still have that final farm news she wrote,
um, introducing us and saying, “Hey your quality of
the produce delivered right to your homes is going
to stay the same and they’re going to
continue it on.” And I think
that’s been an important part too is that
she past away, the four of us really bonded
together and said hey, we’re going to take this to
the next level.>>We were definitely left for
the choice of “Do we want to keep the
business going or not?” And we unanimously decided no,
we’re going to keep this going.>>Since taking over, Thaddeus,
Noah and Freeman have taken the farm to a size that
they admit their mother could not have
imagined. Besides selling produce
wholesale and to restaurants, today they
operate the largest Community Supported Agriculture
program, or CSA, in the country. Customers pay for deliveries
of fresh produce directly to their home. They deliver in Northern and
Southern California.>>We’re delivering throughout California’s most
populated areas. And I think the key is to really
support local and support organic. It’s going to be seasonal and it’s going to be as local as
possible.>>The family works with other
organic farmers across the state to make sure the CSA produce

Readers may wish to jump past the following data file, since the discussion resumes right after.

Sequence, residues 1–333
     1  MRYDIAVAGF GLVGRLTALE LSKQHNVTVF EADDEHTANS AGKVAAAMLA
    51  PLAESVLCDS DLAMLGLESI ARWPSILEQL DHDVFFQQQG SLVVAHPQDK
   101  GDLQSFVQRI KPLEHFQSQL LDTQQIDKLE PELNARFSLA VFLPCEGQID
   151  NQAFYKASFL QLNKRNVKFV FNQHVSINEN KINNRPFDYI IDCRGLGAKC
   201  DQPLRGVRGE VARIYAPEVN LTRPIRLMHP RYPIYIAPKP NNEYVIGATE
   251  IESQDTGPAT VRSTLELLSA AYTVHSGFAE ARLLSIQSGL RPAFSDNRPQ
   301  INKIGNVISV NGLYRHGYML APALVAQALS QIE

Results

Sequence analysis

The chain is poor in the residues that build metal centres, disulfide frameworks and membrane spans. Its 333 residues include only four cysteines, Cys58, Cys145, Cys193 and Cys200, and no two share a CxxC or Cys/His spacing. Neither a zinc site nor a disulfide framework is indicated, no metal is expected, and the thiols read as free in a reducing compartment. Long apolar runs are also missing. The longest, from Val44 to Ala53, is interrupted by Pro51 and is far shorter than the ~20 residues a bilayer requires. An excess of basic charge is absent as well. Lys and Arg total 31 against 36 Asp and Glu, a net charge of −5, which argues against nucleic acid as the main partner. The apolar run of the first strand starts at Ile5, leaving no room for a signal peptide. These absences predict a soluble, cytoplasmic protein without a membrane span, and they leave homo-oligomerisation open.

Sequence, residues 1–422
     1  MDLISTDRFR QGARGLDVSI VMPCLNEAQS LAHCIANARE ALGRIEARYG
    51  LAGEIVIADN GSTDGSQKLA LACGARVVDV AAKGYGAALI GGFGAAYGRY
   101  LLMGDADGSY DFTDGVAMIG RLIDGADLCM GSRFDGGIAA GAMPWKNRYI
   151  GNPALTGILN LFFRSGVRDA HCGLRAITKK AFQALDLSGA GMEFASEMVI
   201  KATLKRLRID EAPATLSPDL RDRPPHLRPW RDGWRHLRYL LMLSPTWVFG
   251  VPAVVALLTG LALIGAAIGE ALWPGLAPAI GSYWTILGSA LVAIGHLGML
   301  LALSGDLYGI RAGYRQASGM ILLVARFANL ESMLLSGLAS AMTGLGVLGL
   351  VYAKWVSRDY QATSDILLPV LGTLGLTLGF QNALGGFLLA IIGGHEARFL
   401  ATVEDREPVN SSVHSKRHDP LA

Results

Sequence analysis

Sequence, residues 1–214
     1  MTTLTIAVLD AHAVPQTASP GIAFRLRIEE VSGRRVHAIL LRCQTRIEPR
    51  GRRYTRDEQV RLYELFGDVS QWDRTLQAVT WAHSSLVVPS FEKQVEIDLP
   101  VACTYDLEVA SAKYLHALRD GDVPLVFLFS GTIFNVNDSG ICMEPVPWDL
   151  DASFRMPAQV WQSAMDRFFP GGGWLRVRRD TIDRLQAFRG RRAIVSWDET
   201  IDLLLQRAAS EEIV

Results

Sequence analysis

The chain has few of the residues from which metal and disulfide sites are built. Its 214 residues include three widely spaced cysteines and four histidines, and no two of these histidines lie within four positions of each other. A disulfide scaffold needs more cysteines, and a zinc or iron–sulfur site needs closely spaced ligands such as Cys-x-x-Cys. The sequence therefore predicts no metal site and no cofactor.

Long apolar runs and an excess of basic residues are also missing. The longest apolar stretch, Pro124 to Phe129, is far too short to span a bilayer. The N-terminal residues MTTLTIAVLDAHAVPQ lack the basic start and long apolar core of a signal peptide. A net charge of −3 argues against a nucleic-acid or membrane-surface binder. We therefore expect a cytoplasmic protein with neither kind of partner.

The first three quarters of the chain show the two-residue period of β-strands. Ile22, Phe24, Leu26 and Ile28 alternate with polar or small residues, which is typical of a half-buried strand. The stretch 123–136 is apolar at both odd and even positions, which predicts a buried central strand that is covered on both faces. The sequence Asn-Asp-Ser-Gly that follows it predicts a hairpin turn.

deliveries have various options. The brothers admit that
becoming the largest CSA in the country with 500
employees and farm properties across the state was not their
parent’s original plan.>>I really kind of wonder what
she’d think. You know, she had some amazing
ideas that we’re still doing the same business model that she
developed in 1992. Um… we’re growing
the same crops with the same home delivery
concept. We’re just… took her basic
concept and just expanded the distribution and the
size. And so, really I think that
if she looked at us today she would see her
fingerprints everywhere.>>They believe that working
despite their size, working together as a family
and with other farms ensures they are sticking to their
parent’s original mission. The family holds on to the
belief that directly connecting with customers is key to their
family’s farming future.>>So our children, are growing
up on the farm we’re wondering how they’re going
to fit in. The reality is is that we’ve taken a great
thing our parents started and we’re delivering it to more
people The real challenge is when
our kids get it, you know, what are they going to do
with it? So we’re thinking a lot
about that and watching the kids and realizing that you
know, they need to have good work
ethic and understand how it works so when they get it,
it’s going to stick around for them to give to their
kids. ♪♪>>While California leads the
nation in the number of organic farms in the U.S.,
several other states have ramped up organic production
as well. They include Wisconsin,
Washington State, New York, Maine, Minnesota, and Iowa. ♪♪>>The demand for locally grown
foods has sparked a dramatic growth in
farmers markets. There were some 1,700 across the
country in the early 1990’s. By 2013 that number had